Barring the temporary inconvenience of snow on the rocks, we're right in the middle of prime bouldering season here in Maryland. While I see how this might confuse my non-climber friends, I'm surprised how many climbers I know who write off everything between November and March as gym time. Sure, I probably wouldn't want to be on a rope for a long pitch anytime soon, but with the right preparations it's hard to pass up the added friction that winter affords us.
No, a tank top with a thick down jacket over it doesn't count. It probably sounds condescending to even mention dressing in layers these days, since someone out there will give that very advice for any weather or destination, but a coordinated series of thin layers really makes a difference for cold weather bouldering. I usually start with a Capilene base layer, and then put on a thin t-shirt, a soft shell vest and/or jacket, and a sweat shirt or fleece over top of it all. Since prime bouldering season usually coincides with hunting season, something bright on top is never a bad idea. And speaking from personal experience, make sure that outer layer has pockets before you get out to the boulders and wish you had them.
Pre-warm those fingers
Forget your usual warmup circuit. While gradually working your way up from very easy climbs is usually the sensible thing to do, spending half an hour grabbing big cold holds is a great way to kill your motivation before you even touch the climb you came out to do. Instead, find a way to warm your fingers up on the way there. I like to use a grip ring like the ones from So iLL, working through various finger combinations on the drive to the boulders. I may still need to do a couple of easier climbs before I get on my project for the day, but generally that's more to get my arms and shoulders ready to pull.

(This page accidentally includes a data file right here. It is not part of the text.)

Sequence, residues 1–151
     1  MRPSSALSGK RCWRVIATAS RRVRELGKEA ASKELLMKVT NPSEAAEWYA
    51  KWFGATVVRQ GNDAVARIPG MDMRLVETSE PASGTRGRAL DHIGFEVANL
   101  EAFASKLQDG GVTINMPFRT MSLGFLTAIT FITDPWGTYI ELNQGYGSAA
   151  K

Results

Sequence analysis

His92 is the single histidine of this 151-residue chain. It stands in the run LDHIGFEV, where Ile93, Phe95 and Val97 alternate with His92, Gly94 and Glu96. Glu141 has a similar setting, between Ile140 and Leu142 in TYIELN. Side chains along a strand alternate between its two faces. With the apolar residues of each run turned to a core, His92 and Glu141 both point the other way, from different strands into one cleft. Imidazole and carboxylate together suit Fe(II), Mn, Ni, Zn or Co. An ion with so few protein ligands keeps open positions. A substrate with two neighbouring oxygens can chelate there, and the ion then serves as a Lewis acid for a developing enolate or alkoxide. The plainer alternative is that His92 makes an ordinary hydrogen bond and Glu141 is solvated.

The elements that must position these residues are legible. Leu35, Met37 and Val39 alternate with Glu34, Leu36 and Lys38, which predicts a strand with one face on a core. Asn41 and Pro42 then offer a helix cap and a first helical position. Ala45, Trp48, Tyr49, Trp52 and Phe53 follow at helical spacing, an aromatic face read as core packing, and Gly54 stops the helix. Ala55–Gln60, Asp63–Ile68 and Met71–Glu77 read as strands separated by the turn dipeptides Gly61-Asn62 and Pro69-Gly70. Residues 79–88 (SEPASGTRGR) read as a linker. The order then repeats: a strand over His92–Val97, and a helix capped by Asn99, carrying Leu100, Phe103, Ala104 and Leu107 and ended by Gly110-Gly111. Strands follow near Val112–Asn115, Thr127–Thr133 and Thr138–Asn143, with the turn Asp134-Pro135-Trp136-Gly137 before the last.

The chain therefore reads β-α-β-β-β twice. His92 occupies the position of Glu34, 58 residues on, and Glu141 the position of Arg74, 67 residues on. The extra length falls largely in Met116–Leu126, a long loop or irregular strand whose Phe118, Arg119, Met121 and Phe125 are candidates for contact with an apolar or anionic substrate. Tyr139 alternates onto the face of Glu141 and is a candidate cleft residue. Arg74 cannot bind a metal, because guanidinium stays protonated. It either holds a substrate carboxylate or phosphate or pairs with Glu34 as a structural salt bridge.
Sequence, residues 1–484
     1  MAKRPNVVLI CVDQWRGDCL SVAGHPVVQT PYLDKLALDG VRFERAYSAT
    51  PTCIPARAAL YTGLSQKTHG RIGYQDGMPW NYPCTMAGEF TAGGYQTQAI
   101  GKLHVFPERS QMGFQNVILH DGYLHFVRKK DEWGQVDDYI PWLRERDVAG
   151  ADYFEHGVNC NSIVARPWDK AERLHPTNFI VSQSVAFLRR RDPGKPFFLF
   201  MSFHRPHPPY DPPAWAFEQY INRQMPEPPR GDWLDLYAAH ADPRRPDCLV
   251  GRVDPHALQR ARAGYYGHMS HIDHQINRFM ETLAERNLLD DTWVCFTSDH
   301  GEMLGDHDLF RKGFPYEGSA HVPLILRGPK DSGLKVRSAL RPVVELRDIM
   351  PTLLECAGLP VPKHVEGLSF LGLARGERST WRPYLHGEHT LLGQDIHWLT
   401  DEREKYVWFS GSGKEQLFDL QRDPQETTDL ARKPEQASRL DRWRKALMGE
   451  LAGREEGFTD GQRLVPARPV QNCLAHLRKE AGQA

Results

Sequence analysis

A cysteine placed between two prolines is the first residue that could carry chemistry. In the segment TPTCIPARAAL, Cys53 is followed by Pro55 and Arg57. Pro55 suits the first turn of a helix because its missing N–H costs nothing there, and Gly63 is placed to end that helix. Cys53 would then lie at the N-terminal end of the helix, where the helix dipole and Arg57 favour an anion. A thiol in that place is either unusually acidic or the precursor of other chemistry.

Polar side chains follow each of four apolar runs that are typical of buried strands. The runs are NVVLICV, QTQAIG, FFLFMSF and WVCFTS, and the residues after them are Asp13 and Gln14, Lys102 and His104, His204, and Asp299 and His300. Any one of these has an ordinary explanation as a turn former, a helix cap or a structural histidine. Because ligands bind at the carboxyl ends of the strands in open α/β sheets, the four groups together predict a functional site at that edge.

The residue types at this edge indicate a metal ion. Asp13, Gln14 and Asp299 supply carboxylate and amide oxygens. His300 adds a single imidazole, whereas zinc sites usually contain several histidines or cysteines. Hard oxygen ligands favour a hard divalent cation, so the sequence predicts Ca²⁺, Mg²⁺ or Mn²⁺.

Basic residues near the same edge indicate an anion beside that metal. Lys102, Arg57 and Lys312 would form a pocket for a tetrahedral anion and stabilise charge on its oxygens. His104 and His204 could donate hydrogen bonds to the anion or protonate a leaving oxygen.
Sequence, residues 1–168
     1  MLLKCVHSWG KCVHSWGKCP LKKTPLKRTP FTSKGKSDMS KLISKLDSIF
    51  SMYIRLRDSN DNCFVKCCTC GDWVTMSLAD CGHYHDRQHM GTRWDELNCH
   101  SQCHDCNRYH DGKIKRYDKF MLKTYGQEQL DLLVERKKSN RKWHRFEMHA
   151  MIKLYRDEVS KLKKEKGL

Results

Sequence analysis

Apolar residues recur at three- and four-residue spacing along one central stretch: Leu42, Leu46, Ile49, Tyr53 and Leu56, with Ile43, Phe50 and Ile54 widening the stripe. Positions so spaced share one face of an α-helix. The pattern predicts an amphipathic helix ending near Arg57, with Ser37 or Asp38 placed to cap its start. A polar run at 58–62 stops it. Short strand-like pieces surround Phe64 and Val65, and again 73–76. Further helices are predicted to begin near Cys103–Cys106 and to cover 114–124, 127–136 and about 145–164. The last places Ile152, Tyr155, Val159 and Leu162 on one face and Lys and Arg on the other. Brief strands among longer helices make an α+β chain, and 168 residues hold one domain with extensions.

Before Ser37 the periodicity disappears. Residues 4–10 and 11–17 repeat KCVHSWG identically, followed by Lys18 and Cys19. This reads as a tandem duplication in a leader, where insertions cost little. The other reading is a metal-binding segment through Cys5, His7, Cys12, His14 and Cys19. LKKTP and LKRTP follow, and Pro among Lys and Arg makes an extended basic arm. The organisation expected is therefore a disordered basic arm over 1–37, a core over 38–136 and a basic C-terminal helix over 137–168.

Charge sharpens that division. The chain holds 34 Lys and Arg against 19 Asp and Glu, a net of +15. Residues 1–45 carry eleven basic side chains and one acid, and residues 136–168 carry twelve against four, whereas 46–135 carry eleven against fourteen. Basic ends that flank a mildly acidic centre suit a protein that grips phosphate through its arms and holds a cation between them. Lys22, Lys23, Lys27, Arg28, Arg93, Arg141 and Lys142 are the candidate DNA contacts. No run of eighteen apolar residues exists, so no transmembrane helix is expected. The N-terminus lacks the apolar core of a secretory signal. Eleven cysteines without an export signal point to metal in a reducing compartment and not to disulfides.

Think whole body
In cold weather our bodies work to keep our core heated, at the expense of warmth in our extremities. Warming up our fingers is important, but it won't last long unless we get everything else moving too. Unless there's already a really long approach, I like to go for a quick run once I've dropped my pads at the boulders, or at least jog in place and do some jumping jacks if that's the only option. I also try to keep moving between climbs as much as I can, not sitting unless I absolutely have to.
Hydrating is just as important in cold weather as in the heat, which is easy to forget when we're not covered in sweat. Whenever possible, hot drinks are the way to go. Not only do they help boost your core temperature, but you'll be way more motivated to take a drink when you don't feel like it's freezing your throat on the way down. My drink of choice this winter has been the apple cinnamon hydration mix from Skratch Labs, delivering all the joy of spiced cider with an added electrolyte boost. Their matcha and lemon flavor is also a good option, especially for an after work bouldering session when that little caffeine kick is extra helpful.
It's hard to climb if you can't feel your feet. On really cold days I like to put my shoes under the heat vent while driving to the boulders, and then carry them inside my jacket to keep them warm on the approach or in between climbs. Now here's where I may lose my bouldering card, but I also keep my socks on unless I'm wearing really aggressive shoes. Maybe I'll never make a magazine cover that way, but my feet don't get cold every time I change shoes and I've never noticed a decrease in performance.
|Silver Spot at Maryland's top-roping capital, Carderock. Photo: Chris Irwin|
So there you have it. Our sweaty summers will be back soon enough and we'll all be wishing for crisp rock under our fingers, so get it while it's good. Stay warm out there!